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When I was eight they told me I had learning disabilities. School has always been very hard for me. Most of the time that I was in school kids always teased and picked on me.

In kindergarten, I was placed on Ritalin when I was six years old, When I was eight they told me I had learning disabilities. School has always been very hard for me. Most of the time that I was in school kids always teased and picked on me. They would call me names and would do bad things to me. I would tell my teachers and the school counselors about it and because they never saw the kids do anything to me they would tell me things like: “I was making a big deal out of nothing, it didn’t happen like that, or I was hearing things.” They never would believe me and always took the other kids side.

I would bottle all my anger up inside until I got home. Some days I cried, other days I was so angry I would destroy things, hurt myself or my family. My mom and dad did not know what to do. Mom cried a lot. She would call the school and they told her I never acted this way at school, something must be wrong at home. I should call the doctor and ask to increase my medications. One time I was on so much medication that I had a seizure in school and had to go to the hospital.

By the time I was in the sixth grade I had been on at least 20 different medications and had seen at least 10 different doctors and lots of counselors and other people too. No one ever asked me how I felt or if any of it was helping. I was tired of all the teasing and medications. I felt awful. This was the first time I tried to kill myself by trying to hang myself from a tree in my front yard. Luckily, mom found me and got me down.

Of course, I ended up in the hospital with a new doctor, counselor and medications. I was diagnosed with bi-polar disorder. Things got better for a while until I went back to school. The kids kept teasing me and I soon became their personal punching bag. They put me inside a locker, destroyed my bike and homework and ganged up on me. The teachers and principal never punished them. They told me that I CHOOSE to act this way and if I CHOOSE to act this way, then I deserved the treatment I got. They would tell me it was “kids being kids”: - they were just kidding around. I should be more independent and work it out for myself. So I decided run away or hide in the school.

The school didn’t know what to do. They wanted me on more medications and to see more doctors. My mom and dad were fed up and placed me in a private school. It was while I was in school there I started finding the support systems I needed.

I know you want to know what has helped me. Now, I have seen lots of doctors, counselors and taken lots of medications, but what has helped me the most was finding my faith in God again. God is with me always and he loves me no matter what. That is very important to me. I still have good and bad days, but not as bad anymore because God is with me and he gives me strength. It makes me feel so much better. God has definitely been the best medication for me.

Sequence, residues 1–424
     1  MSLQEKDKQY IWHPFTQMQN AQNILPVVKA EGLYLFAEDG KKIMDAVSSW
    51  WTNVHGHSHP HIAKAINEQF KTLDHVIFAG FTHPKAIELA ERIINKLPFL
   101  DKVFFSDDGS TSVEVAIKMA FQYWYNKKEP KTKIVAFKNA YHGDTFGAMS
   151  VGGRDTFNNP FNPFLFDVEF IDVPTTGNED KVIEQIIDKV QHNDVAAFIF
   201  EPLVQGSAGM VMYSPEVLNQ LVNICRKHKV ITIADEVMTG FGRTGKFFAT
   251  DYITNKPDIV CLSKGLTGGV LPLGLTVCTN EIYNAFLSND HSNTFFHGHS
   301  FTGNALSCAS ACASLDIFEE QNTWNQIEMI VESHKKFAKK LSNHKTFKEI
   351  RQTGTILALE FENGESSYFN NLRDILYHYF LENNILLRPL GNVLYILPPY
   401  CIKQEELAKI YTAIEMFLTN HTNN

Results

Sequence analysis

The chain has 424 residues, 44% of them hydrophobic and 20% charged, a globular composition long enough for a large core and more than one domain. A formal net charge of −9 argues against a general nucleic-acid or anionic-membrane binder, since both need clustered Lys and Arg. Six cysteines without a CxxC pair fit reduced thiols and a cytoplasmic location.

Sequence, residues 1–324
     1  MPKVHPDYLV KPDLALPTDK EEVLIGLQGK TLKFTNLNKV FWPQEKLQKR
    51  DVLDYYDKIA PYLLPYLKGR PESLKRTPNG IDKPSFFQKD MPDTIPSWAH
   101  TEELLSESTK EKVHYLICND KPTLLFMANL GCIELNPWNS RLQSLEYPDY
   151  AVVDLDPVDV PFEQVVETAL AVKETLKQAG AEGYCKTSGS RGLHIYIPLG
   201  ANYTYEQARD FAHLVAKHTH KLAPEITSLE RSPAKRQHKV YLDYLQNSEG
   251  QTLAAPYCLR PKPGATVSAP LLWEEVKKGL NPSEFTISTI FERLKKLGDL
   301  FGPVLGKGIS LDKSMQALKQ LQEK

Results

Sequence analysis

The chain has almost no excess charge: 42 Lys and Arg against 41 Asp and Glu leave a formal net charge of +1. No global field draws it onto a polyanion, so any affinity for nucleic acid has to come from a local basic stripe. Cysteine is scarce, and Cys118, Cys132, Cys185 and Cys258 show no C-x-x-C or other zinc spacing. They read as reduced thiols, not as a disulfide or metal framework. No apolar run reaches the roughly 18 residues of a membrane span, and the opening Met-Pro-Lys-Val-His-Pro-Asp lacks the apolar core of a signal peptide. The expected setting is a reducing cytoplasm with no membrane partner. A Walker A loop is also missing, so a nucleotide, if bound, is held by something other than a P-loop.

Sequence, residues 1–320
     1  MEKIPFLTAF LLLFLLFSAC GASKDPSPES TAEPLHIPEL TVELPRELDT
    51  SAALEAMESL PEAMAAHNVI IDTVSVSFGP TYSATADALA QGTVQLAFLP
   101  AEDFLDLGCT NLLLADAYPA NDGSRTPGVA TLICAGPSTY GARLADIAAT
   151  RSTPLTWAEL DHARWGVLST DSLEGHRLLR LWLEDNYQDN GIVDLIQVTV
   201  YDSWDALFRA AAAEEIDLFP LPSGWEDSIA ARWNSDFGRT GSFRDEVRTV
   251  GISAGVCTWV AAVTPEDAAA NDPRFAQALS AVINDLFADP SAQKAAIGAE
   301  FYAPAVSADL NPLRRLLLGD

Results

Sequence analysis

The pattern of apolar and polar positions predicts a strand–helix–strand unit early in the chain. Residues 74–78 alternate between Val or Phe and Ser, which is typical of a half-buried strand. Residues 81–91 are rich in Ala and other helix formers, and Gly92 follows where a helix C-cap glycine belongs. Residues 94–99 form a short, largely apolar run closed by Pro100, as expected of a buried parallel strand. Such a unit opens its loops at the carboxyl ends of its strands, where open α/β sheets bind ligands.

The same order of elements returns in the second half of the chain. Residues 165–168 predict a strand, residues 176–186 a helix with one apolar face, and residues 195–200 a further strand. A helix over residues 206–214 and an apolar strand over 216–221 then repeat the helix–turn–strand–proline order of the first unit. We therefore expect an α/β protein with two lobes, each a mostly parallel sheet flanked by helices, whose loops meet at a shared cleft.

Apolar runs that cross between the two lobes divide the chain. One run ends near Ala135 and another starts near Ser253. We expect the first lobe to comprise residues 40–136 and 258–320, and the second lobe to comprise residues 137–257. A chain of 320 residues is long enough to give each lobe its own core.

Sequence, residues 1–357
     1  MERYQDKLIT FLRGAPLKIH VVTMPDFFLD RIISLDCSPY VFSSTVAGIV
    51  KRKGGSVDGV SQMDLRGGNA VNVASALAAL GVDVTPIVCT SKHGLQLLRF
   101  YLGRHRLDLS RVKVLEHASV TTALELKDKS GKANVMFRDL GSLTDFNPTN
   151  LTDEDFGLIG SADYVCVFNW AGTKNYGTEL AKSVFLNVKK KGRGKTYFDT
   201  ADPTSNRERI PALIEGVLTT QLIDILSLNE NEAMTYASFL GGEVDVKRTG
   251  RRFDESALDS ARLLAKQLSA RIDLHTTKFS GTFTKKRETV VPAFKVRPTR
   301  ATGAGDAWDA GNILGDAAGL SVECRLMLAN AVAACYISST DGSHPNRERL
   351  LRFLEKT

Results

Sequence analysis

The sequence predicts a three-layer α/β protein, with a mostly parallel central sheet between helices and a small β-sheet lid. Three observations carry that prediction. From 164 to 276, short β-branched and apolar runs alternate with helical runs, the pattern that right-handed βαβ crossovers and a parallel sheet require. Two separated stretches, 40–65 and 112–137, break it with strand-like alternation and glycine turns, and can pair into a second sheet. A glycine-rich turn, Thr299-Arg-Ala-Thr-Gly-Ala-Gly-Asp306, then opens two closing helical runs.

It has also helped me to find professionals who understand about my illness and are willing to listen to me. They understand that I don’t CHOOSE to be this way and let me be involved in decisions about my medications, therapy, schoolwork and treatments.

Also, it has been important for me to be part of a National Youth Group that talks about Mental Health issues to others. I have been able to travel to different conferences and speak to others about my illness and share my story. I found other kids who have problems just like me. I finally felt like I belonged and now have some friends who understand what it is like to have a mental illness. That is why I helped to start YES (Youth Encouraging Support) so that other youth have a place to go locally to support each other.

If you ask me what needs to be changed, I believe that professionals, especially teachers need to be better trained. They need to understand that medications do help, but they don’t cure us and we will still have problems. Teachers need to stop letting kids tease and bully other kids. They should also not be allowed to tell a doctor what medications we should be on. Professionals should listen to us and what kind of treatment we want or need. We should be treated as individuals and not as a group or disorder. Each of us is different and our treatments should be different. Please remember to some of us that our faith is very important and what a powerful tool it is for us to get better! We as youth should also be allowed to have youth programs so that we may gather to support each other and learn to have a more active voice in our systems of care. We need to have more youth representation when speaking about mental health issues.

People need to listen to what we as youth need and want. They need not to label us as “bad kids” or that we CHOOSE to act this way. I want everyone to know that medication have helped me, but there are other things that have helped me so much more. I want everyone to listen to me. I DO have a mental illness and I DO want to get better, but most of all I WANT to be treated like everyone else! I know that with the help of God, I WILL!

Notes from Brandon’s parent: this speech presentation was made by Brandon at the Rosalynn Carter Symposium on Children’s Mental Health. November 6, 2001 - Atlanta, Georgia.

About the Author

My name is Brandon and I am 15 years old. I live outside a small town in Nebraska named Shelton. I am a freshman in High School. I have been diagnosed with ADHD learning disabilities, bi-polar and anxiety disorders.

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